3. BilB
    July 10th, 2007 at 09:12 | #3

    Observa,

    I think that if you looked closer the suggestion that it is difficult to get tradies to work on aboriginal lands frames the problem entirely. To send in a flood of workers to build a bunch of inappropriate buildings is the typical administrative ‘patch it’ type solution that has failed repeatedly in these areas. The tradies come, the tradies go, the structures fall apart and every one says that is typical of aboriginal behaviour. If you listen to the aboriginals I am sure that they are saying that “we can build our own communities” it just takes some training time and some funding of an entirely different nature. If the Aboriginal build for themselves then the skills and the commitment to maintain are more likely to persist. It will take longer and the result will not look like Vaucluse, but I am willing to bet that it will cost much less in the long run and be permanent.

    It is very interesting to hear how this is being reported on the BBC (all over the world). It paints Australia in a very poor light. I suggest that some very different thinking, a significantly more lateral approach had better turn up here soon or the problem will become worse again. A good start to achieving that change would be to throw off the suit, put on a loin cloth, go stand in the heat and the dirt, then rethink the approach.

  4. gordon
    July 10th, 2007 at 09:50 | #4

    A terrorist mindset among doctors is, apparently, a consequence of publicly-provided health care. Paul Krugman notes how: “These days terrorism is the first refuge of scoundrels. So when British authorities announced that a ring of Muslim doctors working for the National Health Service was behind the recent failed bomb plot, we should have known what was coming.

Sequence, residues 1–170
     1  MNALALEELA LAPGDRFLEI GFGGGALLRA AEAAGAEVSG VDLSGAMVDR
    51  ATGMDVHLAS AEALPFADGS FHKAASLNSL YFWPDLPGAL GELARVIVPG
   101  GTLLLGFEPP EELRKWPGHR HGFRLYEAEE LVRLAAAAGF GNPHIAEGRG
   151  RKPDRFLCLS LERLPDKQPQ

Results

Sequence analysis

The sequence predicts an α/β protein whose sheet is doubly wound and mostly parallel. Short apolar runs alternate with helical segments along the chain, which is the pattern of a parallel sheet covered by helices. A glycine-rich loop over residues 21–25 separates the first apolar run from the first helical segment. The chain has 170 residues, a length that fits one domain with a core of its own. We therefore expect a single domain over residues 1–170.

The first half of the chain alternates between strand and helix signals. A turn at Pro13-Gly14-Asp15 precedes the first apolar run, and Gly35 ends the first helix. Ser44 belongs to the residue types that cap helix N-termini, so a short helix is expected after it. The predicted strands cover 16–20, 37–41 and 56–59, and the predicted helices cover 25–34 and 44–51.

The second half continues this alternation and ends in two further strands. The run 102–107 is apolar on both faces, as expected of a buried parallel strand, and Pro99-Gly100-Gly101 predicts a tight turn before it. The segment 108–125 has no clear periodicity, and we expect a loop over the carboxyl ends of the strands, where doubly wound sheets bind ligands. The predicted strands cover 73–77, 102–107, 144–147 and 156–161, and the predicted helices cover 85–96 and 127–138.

“National healthcare: Breeding ground for terror?â€? read the on-screen headline, as the Fox News host Neil Cavuto and the commentator Jerry Bowyer solemnly discussed how universal health care promotes terrorism…”

  5. July 10th, 2007 at 10:28 | #5

    “National healthcare: Breeding ground for terror?� read the on-screen headline, as the Fox News host Neil Cavuto and the commentator Jerry Bowyer solemnly discussed how universal health care promotes terrorism…�

    Hilarious – I guess it was only a matter of time, particularly with the Michael Moore film out. We all know he’s a big fat terrorist sympathiser.

  6. Bob Durnan
    July 15th, 2007 at 00:50 | #6

    In mid-2003, John Quiggin argued that many problems in Aboriginal communities would not be solved until governments managed to overcome their ideological aversion to job creation programs in those communities and on the surrounding lands.

    Quiggin pointed out that many working class Australians in non-remote areas had access to such programs to tide them through hard times for most of the 20th century. Indigenous communities desperately need them now, but anti-socialist dogmas prevent governments from even thinking about the issue. Now is the time to raise this demand.